Gear-box karts have a similar option, the use of a modern silencer or similar device, coupled with an inlet box or filter similar to what 210s use would work well.  When selecting a silencer, be aware that the number of right angle bends is specified in current regulations for a reason, they are quite effective in silencing.  Also as the exhaust gasses leave the tail pipe, each successive pipe needs to be larger than the preceding pipe to avoid power loss.

The design and fitting of any supplementary silencer may be of a temporary nature so as to be removable for display purposes. When fitted for demonstrations this equipment must be safe and secure.

 

4. ELIGIBILITY.

This system follows the pattern used for cars in historic motor sport.  It is largely based on tyre width and chassis design changes occurring at the class date changes for each period. Watercooled engines are excluded except for the Vega VIC 19L, the John Dent Villiers conversion and the Paul Biagi Bultaco conversion.

Veteran

Up to end of 1963

To include those models in production prior to the end of 1963.  Some models may have continued into the Vintage period and are therefore eligible for inclusion as Veteran karts.


Veteran karts will run tyres not exceeding 4” wide across the shoulder section of the tyre.  

Vintage

1964 to end of 1971

Including those models that went into production after the start of 1964 and prior to the end of 1971. Some models may have continued into the Historic period and are therefore eligible for inclusion as Vintage Karts.


Vintage karts will run tyres not exceeding 5” wide across the shoulder section of the tyre. Class 4 karts are permitted to use rear tyres not exceeding 6” across the shoulder section of the tyre.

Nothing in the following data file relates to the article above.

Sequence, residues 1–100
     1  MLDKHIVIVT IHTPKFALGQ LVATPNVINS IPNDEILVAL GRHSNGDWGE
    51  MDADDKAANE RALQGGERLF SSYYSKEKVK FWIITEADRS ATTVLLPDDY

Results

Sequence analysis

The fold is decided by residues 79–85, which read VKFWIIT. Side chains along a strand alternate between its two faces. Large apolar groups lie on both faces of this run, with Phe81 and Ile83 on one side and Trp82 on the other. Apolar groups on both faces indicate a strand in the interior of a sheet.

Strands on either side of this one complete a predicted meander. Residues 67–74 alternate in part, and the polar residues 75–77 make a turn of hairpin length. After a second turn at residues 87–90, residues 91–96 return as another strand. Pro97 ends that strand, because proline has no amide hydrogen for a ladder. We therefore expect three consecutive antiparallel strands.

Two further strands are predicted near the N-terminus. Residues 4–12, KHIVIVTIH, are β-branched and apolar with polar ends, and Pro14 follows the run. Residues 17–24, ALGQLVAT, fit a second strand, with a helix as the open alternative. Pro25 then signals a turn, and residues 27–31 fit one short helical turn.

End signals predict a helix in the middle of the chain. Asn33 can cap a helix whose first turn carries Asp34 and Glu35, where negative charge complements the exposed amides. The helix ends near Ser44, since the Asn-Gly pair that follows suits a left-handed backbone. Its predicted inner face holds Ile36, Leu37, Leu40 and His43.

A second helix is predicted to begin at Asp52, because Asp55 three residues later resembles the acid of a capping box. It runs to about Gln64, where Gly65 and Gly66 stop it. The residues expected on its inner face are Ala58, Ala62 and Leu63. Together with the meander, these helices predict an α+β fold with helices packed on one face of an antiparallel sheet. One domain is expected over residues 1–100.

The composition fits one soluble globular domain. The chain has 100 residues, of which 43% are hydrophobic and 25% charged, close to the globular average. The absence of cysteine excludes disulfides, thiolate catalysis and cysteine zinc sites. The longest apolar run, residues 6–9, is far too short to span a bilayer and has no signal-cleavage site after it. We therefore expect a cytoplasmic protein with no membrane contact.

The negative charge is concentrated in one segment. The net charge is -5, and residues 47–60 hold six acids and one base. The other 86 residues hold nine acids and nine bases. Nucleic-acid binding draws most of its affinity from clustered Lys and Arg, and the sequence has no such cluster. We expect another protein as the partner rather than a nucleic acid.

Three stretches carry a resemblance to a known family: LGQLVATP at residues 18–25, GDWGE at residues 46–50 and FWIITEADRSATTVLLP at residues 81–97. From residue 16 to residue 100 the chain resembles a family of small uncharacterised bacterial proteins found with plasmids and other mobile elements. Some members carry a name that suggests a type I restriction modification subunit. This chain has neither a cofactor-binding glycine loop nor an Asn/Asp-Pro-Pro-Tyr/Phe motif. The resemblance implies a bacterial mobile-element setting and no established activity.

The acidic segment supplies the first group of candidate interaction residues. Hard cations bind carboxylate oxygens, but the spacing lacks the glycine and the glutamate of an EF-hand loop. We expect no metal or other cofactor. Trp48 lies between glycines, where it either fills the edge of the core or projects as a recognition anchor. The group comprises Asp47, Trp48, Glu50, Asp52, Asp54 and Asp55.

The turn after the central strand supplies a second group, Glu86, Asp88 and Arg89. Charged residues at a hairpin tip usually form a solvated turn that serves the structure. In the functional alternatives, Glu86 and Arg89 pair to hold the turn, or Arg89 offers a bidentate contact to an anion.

Historic

1972 to end of 1977

Those karts that went into production after the start of 1972 and prior to the end of 1977.  Some models may have continued into the Classic period and are therefore eligible for the Historic class.    


Historic karts will run tyres not exceeding 6” wide across the shoulder section of the tyre.  Class I karts may only use rear axles up to 1 inch diameter and the overall width of the kart must not exceed 1100mm.  

Classic

1978 to end of 1982

Those karts that went into production after the start of 1978 and prior to the end of 1982.   Class I karts may use rear axles up to 30mm in diameter and the overall width of the kart must not exceed 1300mm.  

Classic karts may run tyres exceeding 6” across the shoulder section of the tyre. Historic karts with tyres wider than 6” will be considered to be Classic karts.  

5. ENGINE ELIGIBILITY - Class 1

Veteran - Engines homologated before the end of 1963

Clinton A400,A490,E65, JAP J80, West Bend 58007,V580,610, Aspera AH47, AH51,AH58, Power Products AH61 1299,AH61 1342,AH51,AH58 Super,AH61 1340, Harper Vincent 1962, Villiers 6F,9F,10F,1F, Ydral Y60, Erikaze GC50, Homelite K92,K95,K100, JLO L101,LH101,LK101, McCulloch Mc2,Mc5,Mc6,Mc7, Mc10, Mc20,Mc30, Montesa 1962, Parilla V11, Saetta V11,V12, Stihl SK120, Guazzoni 10HP,12HP, Bultaco K100, DEM 1962, Komet K12,K12S,K12C, Konig MM.

 

Vintage - Engines homologated before the end of 1971

All engines eligible for the Veteran Class plus the following: BM F100, F100JB, F100C, Guazzoni VR2, VR2A, VR3, VR4, SVR2, SVR2A, SVR3, SVR4, VR1, VR7, VR8, VR10, JLO L99, Komet K22, K33, K44, K55, K96, K77, K88, McCulloch MC7/8, Mc8, Mc9, Mc40, Mc45, Mc45D, Mc91, Mills HK99, Montesa M100, M100S, Parilla S13, S13AC, BA13, TG14(L), GP15(L), MK16, HF17, Petry SFK100, SFK100R, Saetta V16, V17, V18, Starr SS100, Stihl SK140, SK150, Vega VIC19, VIC19L

 

Historic - Engines homologated before the end of 1977

All engines eligible for the Vintage Class plus the following: Arisco C75, BM FC/52, FCL, K96/3, DAP Corsair T70, T81, T71, Delta VRS74, Fieldhouse Manx 100, Hewland Arrow KE3, KE4, Guazzoni CT11A, Komet K75, K78, K78TT, K88TT, K89, Parilla SS20, TT22, IMI Milano 100FVT, McCulloch Mc91B, Mc92, Petry P100L, SFK100RR, Sirio SC504, ST/50, ST/52, ST/L, Zip Zed1